Sealy vs Simmons: Which One To Choose For Your Bedroom?
Sealy and Simmons are two of the biggest mattress makers in the United States, with histories spanning well over a century, and a domination of the mattress market of today. Given their ‘big brand’ status, it can be hard to decide between the two when you’re out shopping, particularly if you haven’t been initiated into the technicalities of the sleep industry.
I’ve been through this myself – but that was a long time ago; to spare you the trial and error approach I went with, here’s a Sealy vs Simmons comparison that discusses their offerings in some detail, and also highlights the differences of one versus the other.
Table of Contents
- Historical Overview
- Pros and Cons of Sealy
- Support Core
- Sealy Product Lines
- Quality and Durability
- Historical Overview
- Pros and Cons of Simmons
- Support Core
- Simmons Product Lines
- Quality and Durability
More economically viable.
|Generally expensive, luxurious products.|
|Focus on core functionality.||Focus on innovation.|
|Firm, springy offset coil support core.||Conforming, motion isolating pocketed coil support core.|
|Noticeable complaints of deterioration.||Noticeable complaints of deterioration|
Sealy Historical Overview
Sealy started out in the two of Sealy, Texas in 1881, when Daniel Haynes, who was a cotton gin builder by profession, decided to make cotton filled mattresses for his friends. By 1889, he had invented a cotton compressing machine which he licensed to other mattress makers to manufacture products with the tag of “mattress from Sealy”.
In 1952, Sealy invented their signature Posturepedic Technology that used triple offset innerspring coils at its core to provide springy and firm back support. Since that time, Posturepedic has been integrated into all of their major mattress series, in conjunction with different types of foams and other comfort and support materials, to cater to the needs of all kinds of sleepers.
- Traditionally firm, springy feel.
- Relatively simplistic product design.
- Durability concerns.
- Poor motion isolation.
The current iteration of Sealy’s Posturepedic Technology uses triple offset innersprings that are bound together with woven wire. This creates a firm and springy support core which is most suitable for back ache sufferers and/or back sleepers that want a surface which “pushes back” onto their joints and muscles.
The degree of intensity of this “push” is variable based on the model you select. Also, it should be noted that Posturepedic mattresses intensify their support at the center of the bed, which is where most of your body weight will be concentrated. This provides you with a level sleep surface, and also reduces the likelihood of early sagging.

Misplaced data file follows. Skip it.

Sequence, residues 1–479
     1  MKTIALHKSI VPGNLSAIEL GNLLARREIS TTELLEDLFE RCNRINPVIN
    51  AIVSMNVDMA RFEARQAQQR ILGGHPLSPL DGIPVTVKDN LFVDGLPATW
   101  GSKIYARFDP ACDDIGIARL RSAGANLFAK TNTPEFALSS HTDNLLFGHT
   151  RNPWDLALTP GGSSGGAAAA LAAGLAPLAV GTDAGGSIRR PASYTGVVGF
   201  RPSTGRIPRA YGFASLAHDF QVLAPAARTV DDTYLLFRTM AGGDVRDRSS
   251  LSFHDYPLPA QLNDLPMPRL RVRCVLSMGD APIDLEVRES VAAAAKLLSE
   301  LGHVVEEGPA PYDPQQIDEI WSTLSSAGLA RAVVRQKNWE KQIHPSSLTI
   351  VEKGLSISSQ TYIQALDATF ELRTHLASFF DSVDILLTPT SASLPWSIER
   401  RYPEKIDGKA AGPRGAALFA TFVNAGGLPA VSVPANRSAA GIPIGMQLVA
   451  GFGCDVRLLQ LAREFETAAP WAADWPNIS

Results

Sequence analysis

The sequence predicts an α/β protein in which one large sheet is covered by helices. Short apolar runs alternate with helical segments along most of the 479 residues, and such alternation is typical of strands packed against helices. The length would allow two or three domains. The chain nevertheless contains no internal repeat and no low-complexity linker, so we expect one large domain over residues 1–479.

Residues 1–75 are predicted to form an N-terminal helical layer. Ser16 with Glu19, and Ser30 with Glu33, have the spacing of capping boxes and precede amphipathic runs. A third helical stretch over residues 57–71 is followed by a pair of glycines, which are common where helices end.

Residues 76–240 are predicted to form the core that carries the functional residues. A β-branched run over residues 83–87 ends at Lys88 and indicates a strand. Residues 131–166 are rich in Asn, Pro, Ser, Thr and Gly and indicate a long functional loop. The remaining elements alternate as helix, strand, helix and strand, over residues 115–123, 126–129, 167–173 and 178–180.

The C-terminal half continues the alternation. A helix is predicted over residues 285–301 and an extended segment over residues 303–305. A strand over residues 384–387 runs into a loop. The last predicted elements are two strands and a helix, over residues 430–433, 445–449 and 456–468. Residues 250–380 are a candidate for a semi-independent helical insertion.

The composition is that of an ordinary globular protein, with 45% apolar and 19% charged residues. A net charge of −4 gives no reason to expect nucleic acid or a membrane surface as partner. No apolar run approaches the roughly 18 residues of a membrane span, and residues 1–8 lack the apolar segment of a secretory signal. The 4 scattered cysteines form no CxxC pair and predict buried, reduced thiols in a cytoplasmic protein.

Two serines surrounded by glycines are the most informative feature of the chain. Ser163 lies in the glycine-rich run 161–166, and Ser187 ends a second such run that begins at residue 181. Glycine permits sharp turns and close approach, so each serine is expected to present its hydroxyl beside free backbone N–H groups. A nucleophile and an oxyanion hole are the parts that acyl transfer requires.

The Response line is Sealy’s current collection of conventional innerspring mattresses. All models feature a support core consisting of precisely engineered innerspring coils that provide firmness and stability to your bed.
The higher end models (the ones with the Posturepdic tag), use memory foam at the center to provide lasting deep support. Also present, is some cooling gel foam, and a unique cushioning foam with peaks and valleys, both of which ensure optimal cooling and air flow.
You can choose models with different firmness ratings: plush, cushion firm, firm and ultra-firm, with the cheapest model priced around $500.
The memory foam lineup combines multiple layers of memory foam and polyurethane foam to yield a surface that shapes itself to the contours of your body, and cradles you as you sleep.
A modified Posturepedic support core is present in all but the cheapest of models (which rely exclusively on memory foam support): the customary innerspring core is replaced by an amalgamation of firmer polyfoam and memory foam layers, with an especially dense viscoelastic layer present at the top middle portion to support the center of your body mass.
To enhance heat dissipation, special cooling gel memory foam is placed between the layers of the mattress. Models are available in firm, cushion firm, plush and ultra-plush varieties, with a starting price of $699.
The recently created hybrid lineup is a middle ground for those who want a bit of conforming comfort, alongside the traditionally stable deep support afforded by an innerspring core underneath.